The requirement to get Private Mortgage Insurance (PMI) is determined by the loan type and the percentage you put down as a down payment. PMI insures the lender in the event that you default on your mortgage. Getting PMI on the mortgage increases a lender’s willingness to take this risk. PMI is beneficial to you as a home buyer because it makes it possible for you to get a home loan with less than 20% down payment.
PMI charges are most often paid monthly which are included in your mortgage payment, but there are other payment options including: annually or through a premium plan. Premiums are based on the term and amount of the loan, and are dependent upon the type of loan and the loan-to-value ratio. In most cases, once your home equity reaches 22%, your mortgage insurance and the payments for it are cancelled automatically by your lender. If you do need and qualify for PMI, your lender will choose your PMI and add it to your mortgage payments. The cost of your PMI is determined by your credit score, loan amount, terms, and down payment. If you would like a PMI estimate, click here to use this calculator. The cost of PMI will be disclosed to you as an estimate when you apply for your mortgage, and when you close the final cost (based on you keeping the loan for its entire term) will be disclosed to you at that time.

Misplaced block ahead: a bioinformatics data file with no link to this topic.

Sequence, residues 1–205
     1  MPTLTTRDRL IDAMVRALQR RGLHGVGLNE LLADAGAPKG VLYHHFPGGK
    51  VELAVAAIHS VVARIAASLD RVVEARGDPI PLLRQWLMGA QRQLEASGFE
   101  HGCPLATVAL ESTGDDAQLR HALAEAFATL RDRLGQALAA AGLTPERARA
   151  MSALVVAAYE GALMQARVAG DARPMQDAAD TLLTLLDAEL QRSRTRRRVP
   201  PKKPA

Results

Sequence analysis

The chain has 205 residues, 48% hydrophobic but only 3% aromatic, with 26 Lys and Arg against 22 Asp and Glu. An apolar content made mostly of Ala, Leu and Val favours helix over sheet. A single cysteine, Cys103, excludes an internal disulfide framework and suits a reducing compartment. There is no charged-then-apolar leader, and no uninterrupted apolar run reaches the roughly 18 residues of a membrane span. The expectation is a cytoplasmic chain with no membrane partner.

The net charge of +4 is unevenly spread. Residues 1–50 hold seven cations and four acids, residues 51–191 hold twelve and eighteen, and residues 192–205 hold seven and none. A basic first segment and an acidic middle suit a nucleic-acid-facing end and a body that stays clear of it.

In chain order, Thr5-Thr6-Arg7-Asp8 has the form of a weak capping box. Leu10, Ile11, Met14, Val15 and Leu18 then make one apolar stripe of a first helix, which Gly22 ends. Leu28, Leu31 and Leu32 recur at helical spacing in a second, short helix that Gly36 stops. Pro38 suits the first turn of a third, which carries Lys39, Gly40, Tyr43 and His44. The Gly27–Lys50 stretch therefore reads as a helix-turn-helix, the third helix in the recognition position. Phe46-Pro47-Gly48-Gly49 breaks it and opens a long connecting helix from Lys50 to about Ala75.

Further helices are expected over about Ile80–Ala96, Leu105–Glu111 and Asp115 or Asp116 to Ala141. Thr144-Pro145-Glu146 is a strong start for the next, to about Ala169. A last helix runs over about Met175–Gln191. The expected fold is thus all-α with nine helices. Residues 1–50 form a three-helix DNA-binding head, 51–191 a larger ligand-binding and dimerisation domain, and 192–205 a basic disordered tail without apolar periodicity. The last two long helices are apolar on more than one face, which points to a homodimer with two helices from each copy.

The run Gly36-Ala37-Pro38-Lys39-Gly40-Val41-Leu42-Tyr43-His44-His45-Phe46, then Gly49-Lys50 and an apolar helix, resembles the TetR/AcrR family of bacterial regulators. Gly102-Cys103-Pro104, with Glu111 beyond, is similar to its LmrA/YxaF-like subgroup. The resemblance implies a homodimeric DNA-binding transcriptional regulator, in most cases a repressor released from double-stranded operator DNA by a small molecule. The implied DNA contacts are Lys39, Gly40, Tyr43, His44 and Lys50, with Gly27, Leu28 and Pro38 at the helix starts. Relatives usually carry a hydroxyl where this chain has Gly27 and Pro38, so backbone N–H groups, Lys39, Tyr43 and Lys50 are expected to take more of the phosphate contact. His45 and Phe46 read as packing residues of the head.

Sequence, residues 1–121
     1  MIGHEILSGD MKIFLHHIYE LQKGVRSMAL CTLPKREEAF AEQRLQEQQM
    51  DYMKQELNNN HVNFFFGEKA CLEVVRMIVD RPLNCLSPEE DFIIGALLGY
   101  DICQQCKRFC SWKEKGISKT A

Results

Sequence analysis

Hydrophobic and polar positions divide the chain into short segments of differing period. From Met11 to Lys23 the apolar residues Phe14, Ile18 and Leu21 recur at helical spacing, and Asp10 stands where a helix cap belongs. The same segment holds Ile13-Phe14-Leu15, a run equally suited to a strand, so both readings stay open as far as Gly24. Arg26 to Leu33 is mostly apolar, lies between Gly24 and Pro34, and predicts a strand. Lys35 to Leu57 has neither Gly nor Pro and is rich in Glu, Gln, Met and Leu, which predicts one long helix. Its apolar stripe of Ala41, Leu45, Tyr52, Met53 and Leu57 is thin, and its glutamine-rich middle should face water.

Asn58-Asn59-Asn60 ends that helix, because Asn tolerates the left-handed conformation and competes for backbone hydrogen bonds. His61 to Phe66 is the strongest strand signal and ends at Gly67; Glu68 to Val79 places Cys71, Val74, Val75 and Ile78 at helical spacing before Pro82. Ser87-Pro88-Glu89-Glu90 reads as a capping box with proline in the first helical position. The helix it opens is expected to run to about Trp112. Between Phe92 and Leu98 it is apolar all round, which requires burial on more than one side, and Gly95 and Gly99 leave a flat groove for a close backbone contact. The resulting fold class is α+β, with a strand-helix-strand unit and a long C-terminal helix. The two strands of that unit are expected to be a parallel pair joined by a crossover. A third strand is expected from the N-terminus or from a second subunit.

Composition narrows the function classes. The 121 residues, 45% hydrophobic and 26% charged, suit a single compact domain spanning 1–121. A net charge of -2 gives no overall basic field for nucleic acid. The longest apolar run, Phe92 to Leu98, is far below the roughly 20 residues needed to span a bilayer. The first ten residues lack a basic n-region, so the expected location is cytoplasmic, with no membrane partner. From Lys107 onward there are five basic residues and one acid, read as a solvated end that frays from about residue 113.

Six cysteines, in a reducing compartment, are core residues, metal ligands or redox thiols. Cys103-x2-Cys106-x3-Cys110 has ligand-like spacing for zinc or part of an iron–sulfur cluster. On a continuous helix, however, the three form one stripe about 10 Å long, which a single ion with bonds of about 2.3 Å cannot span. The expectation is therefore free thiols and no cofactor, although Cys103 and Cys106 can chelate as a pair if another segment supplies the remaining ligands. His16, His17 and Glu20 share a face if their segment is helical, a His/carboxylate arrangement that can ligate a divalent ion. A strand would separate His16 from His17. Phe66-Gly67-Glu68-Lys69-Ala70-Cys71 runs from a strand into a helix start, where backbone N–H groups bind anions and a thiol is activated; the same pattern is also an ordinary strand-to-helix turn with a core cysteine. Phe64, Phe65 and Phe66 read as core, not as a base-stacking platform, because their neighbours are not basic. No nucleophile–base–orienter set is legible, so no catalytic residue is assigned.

To cancel your PMI prior to reducing the principal of your loan through scheduled payments, you need to either reduce the principal of your mortgage by paying it down to below 80% of the appraised value when you bought it, or provide your lender with proof of owning at least 20% of your home. In order to do that, you’ll need to get an appraisal at your expense. Appraisals can be expensive, so it’s best to compare the cost of the appraisal to the amount of money you’ll save from cancelling your PMI early, to see which option is the best for your homeownership needs.
If you’re looking to refinance your home or need help starting the homeownership process, contact a loan officer today.